Batman: Creature of the Night (#1 – 4) – Kurt Busiek

4 out of 5

Whenever I have dipped into the works of Kurt Busiek, I tend to go through a similar cycle: of immediately falling in love with the concept and depth of what I’m reading; of looking up other Busiek books I’ve started and stopped, or books that’ve been much praised and I’ve missed; of questioning why its taken me so long to hop onto the Kurt bandwagon; and then of reading further into what I’m reading and… to understand why I’d abandoned previous forays down this path.

Which sounds heavily critical, and it is, but just in terms of what I’m looking for from comics, and what Busiek’s writing flirts with… but ultimately, for me, doesn’t provide. I’m very fine with lightweight fare, or stuff that’s pure popcorn. Entertainment that’s arted and written expressly for that purpose, and with the smarts to back it up, can be aces. When things get more cerebral, I tend to like it to pursue that to the extent I feel is promised by it. The creatives might not get where I’d hoped, but as long as they keep pushing, it seems a worthwhile journey.

Busiek, from the limited works I’ve sampled, is an amazing comic book writer, and truly does elevate the genre. But he does so by painting comic book worlds with cerebral elements… only to steer things back toward the safety of the genre. Which is, in itself, quite brilliant: it’s wonderfully accessible, and pushes readers to view things and think things that are maybe a bit out of their usual ballpark, while giving them the satisfaction that comes from a typical book. It’s an approach that always tends to miss the mark for me, but I appreciate the craft behind it.

This cycle persists with Creature of the Night, a “Batman” elseworlds-ish title that, I swear, finds a new way to explore the Batman mythos. But, y’know, see above: kinda. In Busiek’s world, Batman exists – as a comic. As a franchise. And we have a giant fan of the character in child Bruce Wain…wright, who loves to pause just like that when telling people his name, and likes to call his Uncle Alton by the name Alfred. Unfortunately, fiction mimics the reality too closely in a particular regard, when Bruce’s parents die. That the police officer who rather hurriedly interviews the child has a name with Gordon in it can’t soothe much; and “Alfred” cannot be Bruce’s caretaker for various reasons…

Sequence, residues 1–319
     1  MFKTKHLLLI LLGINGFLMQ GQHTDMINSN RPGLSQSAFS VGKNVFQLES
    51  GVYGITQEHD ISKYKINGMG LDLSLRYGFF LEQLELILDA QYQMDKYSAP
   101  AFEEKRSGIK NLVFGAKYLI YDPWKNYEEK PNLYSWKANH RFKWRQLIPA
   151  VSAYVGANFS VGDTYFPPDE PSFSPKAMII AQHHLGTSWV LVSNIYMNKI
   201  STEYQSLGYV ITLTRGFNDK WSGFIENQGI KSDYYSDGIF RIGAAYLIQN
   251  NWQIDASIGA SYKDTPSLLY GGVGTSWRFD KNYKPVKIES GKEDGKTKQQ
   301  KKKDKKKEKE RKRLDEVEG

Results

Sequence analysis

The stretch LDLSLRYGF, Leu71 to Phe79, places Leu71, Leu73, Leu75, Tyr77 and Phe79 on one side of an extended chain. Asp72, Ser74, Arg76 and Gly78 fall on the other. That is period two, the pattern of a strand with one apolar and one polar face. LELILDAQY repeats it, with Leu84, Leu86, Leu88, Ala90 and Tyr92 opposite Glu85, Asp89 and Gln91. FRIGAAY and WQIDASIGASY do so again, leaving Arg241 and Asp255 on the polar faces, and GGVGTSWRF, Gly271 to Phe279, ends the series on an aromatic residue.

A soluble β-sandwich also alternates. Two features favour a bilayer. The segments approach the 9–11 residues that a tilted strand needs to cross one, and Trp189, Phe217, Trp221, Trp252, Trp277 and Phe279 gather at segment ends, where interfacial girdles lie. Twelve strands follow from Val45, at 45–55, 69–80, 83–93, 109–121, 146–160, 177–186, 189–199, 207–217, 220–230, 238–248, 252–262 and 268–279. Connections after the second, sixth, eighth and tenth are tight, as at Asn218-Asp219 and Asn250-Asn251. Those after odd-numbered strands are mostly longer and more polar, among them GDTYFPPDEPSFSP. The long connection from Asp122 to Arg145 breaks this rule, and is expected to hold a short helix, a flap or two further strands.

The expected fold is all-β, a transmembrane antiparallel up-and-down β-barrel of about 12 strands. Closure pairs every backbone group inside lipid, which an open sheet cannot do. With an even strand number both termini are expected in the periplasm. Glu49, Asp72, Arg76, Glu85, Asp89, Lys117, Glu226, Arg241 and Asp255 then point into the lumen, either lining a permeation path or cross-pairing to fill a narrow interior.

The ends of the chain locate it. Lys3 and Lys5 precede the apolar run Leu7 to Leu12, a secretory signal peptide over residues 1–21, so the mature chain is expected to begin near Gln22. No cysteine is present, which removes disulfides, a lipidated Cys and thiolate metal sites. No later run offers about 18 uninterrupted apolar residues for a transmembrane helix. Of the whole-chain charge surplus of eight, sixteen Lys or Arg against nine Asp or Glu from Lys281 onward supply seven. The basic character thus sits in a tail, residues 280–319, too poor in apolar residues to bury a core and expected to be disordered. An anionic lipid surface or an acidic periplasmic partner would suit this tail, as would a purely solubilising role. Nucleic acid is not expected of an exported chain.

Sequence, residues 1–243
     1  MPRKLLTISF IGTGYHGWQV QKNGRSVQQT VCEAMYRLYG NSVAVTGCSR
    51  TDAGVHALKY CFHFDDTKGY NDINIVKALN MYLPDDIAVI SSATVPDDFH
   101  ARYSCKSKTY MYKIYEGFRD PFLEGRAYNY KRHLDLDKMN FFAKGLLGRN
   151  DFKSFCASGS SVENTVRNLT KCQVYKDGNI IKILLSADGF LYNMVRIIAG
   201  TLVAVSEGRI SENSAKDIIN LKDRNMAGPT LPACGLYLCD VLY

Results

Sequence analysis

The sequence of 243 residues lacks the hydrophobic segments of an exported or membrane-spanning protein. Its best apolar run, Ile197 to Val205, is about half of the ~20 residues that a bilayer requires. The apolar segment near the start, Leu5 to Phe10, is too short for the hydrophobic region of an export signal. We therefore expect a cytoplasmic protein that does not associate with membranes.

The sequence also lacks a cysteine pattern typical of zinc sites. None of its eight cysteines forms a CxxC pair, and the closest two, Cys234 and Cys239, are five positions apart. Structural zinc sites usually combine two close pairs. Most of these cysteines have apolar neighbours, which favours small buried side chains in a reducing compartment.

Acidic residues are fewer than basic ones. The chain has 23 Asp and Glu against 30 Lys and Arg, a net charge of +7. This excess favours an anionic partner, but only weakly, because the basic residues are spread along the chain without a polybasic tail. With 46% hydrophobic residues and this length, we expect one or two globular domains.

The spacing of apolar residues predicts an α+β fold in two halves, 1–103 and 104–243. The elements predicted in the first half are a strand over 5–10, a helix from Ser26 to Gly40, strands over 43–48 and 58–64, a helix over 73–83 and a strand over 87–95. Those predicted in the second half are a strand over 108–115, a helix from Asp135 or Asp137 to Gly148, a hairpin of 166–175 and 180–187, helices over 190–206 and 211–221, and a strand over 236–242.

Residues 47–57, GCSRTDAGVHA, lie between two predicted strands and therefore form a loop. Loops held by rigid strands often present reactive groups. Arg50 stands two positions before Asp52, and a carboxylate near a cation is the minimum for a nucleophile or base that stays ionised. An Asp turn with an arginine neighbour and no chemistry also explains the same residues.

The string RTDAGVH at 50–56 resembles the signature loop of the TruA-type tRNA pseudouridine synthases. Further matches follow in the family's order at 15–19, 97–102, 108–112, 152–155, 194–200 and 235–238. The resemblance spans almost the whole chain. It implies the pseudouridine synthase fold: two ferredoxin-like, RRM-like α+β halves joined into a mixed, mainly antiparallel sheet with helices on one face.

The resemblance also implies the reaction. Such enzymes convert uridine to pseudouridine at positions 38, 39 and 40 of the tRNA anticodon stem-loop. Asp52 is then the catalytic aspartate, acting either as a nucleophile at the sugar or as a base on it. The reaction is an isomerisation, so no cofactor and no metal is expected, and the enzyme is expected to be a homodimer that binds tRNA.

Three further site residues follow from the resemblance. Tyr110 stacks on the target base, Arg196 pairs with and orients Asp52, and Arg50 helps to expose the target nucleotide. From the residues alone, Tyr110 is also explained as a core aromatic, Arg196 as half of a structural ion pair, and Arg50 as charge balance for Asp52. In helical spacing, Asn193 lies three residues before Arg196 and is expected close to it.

Sure, the typical route here, given this setup, would be to build this alterna-world Bruce into a Batman as inspired by Batman, but Busiek dissects it much more intelligently: Bruce manifests a frightening being that looks like Batman, and which acts as his protector. He assumes this to be an imaginary friend of sorts, except he can begin to see through the being’s eyes, and the criminals he’s attacking – rather viciously, as this being is more a specter of haunting eyes and sharp claws and shadows – are, indeed, showing up in newspaper reports and whatnot as having been assaulted. After time, Bruce learns that he can communicate with the creature, and control it to a degree, and the pursuit to put general wrongs right forms…

This might seem like a small wrinkle, but physically separating the Bat from the Man is brilliant. It allows new insight into the character’s motivations, especially from a self-aware perspective in which Bruce knows this manifestation has taken this particular shape because of a comic book; that his own actions – taking on a suitor named Robin, for example – are perhaps shallow for the same reasons. And Busiek takes this apart and reconstructs it patiently, allowing the story to be very dark, and never far away from magnifying the troublesome persona that would live this life.

Until, y’know, the aforementioned alluded to bit where the story retreats somewhat. This doesn’t mean an easy or happy ending, and it is in no way illogical, or poorly written. It absolutely tracks. It also makes Creature of the Night more “familiar,” though, and I fell out of page-turning immersion at that point, while still enjoying the book very much. And it’s late in the read – the fourth book out of four – so it’s definitely past the point of reader buy-in; not a bad thing, but indicative of why I’m not a Busiek addict. Then again, for fans, that suggests it will be indicative of why they are.

J.P.Leon’s art, for those who are familiar with it, would go without saying is excellent throughout. Leon’s line is brilliantly controlled here, the thickness of his inks a perfect match for the tone of story. And while I wish the color use was a bit more targeted – the covers suggest each issue will have a color theme, and that doesn’t happen – the limited palette is a fun tribute to classic comics without it being distracting at all; you could mistake the red / blue / yellow (/green?) look as purposefully chosen despite the comic book tie-in. Often times this “realistic” look can limit a grounded book when it needs to stretch into fantasy, but Leon is able to bring full, believable life to his human cast, and also make the Batman an incredible frightening creature.

Absolutely a worthwhile experience, and despite my main critique, should be considered part of the library of Batman must-reads alongside such classics like Dark Night and the like.